return(llListFindList(corrParenInput, [")"])); // Return the index of the corresponding backwards parentheses.

}

// Ahh, the math_handler! So good for doing... math. This will take a list, which is by now free of parenthesis and variables, and is just numbers and operators,

// and computes the expression's value, using the proper order of operations.

list math_handler(list mathInput)

{

integer tempIndex; // tempIndex is used a lot, in the many "for" loops here, as the index of an operator.

float tempSolution; // the solution to each small bit of the expression is put here for about .001 seconds, and then is moved into the main mathInput list, which

// slowly but surely gets solved.

// Each part of the math_handler represents a different calculator function. They all use "for" loops to check for the existence and location of the operator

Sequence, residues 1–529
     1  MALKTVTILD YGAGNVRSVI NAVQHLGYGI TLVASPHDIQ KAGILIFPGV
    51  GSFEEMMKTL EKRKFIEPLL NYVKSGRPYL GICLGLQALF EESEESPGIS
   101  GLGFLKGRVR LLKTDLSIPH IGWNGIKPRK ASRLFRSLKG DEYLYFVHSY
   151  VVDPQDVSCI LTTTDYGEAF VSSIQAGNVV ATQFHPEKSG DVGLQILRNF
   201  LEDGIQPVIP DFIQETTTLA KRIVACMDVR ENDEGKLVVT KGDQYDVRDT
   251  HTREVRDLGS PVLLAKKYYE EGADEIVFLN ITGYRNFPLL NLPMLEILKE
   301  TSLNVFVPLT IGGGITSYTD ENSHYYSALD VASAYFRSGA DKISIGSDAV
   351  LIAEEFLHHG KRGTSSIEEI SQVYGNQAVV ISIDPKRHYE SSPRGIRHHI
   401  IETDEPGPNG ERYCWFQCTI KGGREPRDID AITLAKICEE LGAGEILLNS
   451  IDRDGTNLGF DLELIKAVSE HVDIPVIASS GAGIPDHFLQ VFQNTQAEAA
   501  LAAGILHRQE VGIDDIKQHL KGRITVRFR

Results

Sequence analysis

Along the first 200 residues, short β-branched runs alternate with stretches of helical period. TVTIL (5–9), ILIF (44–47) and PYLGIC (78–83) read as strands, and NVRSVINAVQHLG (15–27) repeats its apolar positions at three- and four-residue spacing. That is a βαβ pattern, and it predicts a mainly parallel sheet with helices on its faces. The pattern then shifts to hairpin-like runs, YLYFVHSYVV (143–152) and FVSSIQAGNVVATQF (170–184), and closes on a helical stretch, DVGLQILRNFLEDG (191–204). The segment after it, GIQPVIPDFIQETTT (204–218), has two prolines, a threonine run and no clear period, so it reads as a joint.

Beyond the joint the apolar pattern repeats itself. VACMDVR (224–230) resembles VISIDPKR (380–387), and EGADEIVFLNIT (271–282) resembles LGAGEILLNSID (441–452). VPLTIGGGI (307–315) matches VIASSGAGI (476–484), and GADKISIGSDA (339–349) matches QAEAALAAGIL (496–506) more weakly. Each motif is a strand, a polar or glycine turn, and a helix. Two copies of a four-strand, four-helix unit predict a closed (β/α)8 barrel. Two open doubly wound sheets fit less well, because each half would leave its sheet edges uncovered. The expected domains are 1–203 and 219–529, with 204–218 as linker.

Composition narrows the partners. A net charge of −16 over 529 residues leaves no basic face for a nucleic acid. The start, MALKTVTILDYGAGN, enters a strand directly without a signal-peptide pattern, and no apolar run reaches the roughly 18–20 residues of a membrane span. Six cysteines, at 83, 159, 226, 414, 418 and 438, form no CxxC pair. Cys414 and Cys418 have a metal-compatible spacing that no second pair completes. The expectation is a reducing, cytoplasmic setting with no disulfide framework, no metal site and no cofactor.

// or trig function. Many are almost exactly similar to each other. The stuff inside the loop will only happen if the operator it is looking for exists.

// negatives - this looks for each "-", and then checks out what comes before it to see whether it should be a negative number or a minus sign.

for (tempIndex = llListFindList(mathInput, ["-"]); tempIndex != -1; tempIndex = llListFindList(mathInput, ["-"]))

{

// If the "-" appears before anything else, or an operator appears before it, it must be a negative.

if (tempIndex == 0 || -1 != llListFindList(["(", "*", "/", "^", "sqrt", "sin", "cos", "tan", "asin", "acos", "atan", "+", "-"], llList2List(mathInput, tempIndex - 1, tempIndex - 1)))

{

tempSolution = (-1 * (float)llList2String(mathInput, tempIndex + 1)); // So multiply the number after the "-" by negative one...

mathInput = llListReplaceList(mathInput, [tempSolution], tempIndex, tempIndex + 1); // ... and replace both the "-" and the number with that negative.

}

else // It's a minus sign, but we still replace it with "m", to distinguish it from negatives. Remember, that "for" loop checks for "-" each time. If we don't

{ // replace the "-" with something else, it will loop endlessly.

mathInput = llListReplaceList(mathInput, ["m"], tempIndex, tempIndex);

}

}

// sines